Senator BANKHEAD. Do you think that amendment would prohibit such practice?

Mr. BATES. It would certainly prohibit it now, because if they did it they would be answerable to the Treasury Department when they filed their income-tax return-I mean, for every amount they paid over the legal wage scale.

Senator BANKHEAD. If you do not add anything to the amendment it would seem to me to be the minimum.

Mr. BATES. It is now both the minimum and the maximum as long as we have any governmental regulation over wages.

Senator RADCLIFFE. In the absence of any such amendment, will they pay more or less?

Mr. BATES. They will pay more.

Senator RADCLIFFE. Do you mean ordinarily?

Mr. BATES. No. When they cannot get sufficient men they will pay more, but when there are two men for every job they will cut wages down and pay less.

Senator RADCLIFFE. The comment I have heard is that they have paid too little.

Mr. BATES. They did generally. And when there are more men than jobs, they will pay far less, and are likely to get inferior workmanship.

The CHAIRMAN. You may resume your statement, Mr. Bates.

Mr. BATES. I ask that a prevailing wage amendment recommended by the American Federation of Labor be given favorable consideration by this committee, and that the text of the amendment we propose, be inserted in the record at this point.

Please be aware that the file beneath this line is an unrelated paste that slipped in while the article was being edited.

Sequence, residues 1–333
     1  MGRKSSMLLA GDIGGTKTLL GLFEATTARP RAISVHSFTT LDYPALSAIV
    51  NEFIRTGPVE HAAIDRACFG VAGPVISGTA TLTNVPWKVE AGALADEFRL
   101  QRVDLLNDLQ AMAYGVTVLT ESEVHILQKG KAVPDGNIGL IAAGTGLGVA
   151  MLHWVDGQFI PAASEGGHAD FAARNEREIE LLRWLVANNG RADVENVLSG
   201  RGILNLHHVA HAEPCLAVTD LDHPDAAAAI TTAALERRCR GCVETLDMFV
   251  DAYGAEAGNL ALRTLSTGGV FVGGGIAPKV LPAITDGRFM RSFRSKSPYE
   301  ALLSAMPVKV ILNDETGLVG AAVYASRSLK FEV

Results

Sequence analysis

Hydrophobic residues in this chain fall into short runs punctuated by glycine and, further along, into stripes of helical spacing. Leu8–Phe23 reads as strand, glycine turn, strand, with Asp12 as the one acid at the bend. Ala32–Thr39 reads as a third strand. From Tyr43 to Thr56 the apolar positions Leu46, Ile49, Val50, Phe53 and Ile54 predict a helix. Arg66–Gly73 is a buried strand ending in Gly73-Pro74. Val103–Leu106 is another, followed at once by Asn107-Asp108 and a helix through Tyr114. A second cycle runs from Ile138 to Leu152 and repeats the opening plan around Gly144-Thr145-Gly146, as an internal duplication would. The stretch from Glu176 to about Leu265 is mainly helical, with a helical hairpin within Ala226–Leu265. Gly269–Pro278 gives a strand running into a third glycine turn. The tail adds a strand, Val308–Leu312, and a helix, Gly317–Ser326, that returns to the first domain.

The CHAIRMAN. Very well. The amendment may be incorporated in the record at this point.

(The amendment is as follows:)

Amendment to S. 1592, proposed by the American Federation of Labor, to Provide for the Maintenance of Minimum Wage Standards under all Forms of FHA Insurance

On page 31, insert the following after line 12:


"SEC. 318. Section 212 (a) of the National Housing Act, as amended, is hereby amended by deleting the words "section 207 or section 210" from the first sentence and inserting in lieu thereof the words "any section"."


Mr. BATES. We appreciate your favorable consideration of this amendment.

We also consider important the proposal embodied in title IV of S. 1592 to enable private enterprise to serve families of moderate income by providing for FHA insurance of private financing of home ownership of rental projects under a cooperative mutual home ownership plan. Cooperative housing is not new. Mutual home ownership has been tested by experience and has demonstrated its soundness. The existing home ownership projects in different parts of the country have shown that where the individual family is unable to assume financial responsibility for home ownership, a cooperative enterprise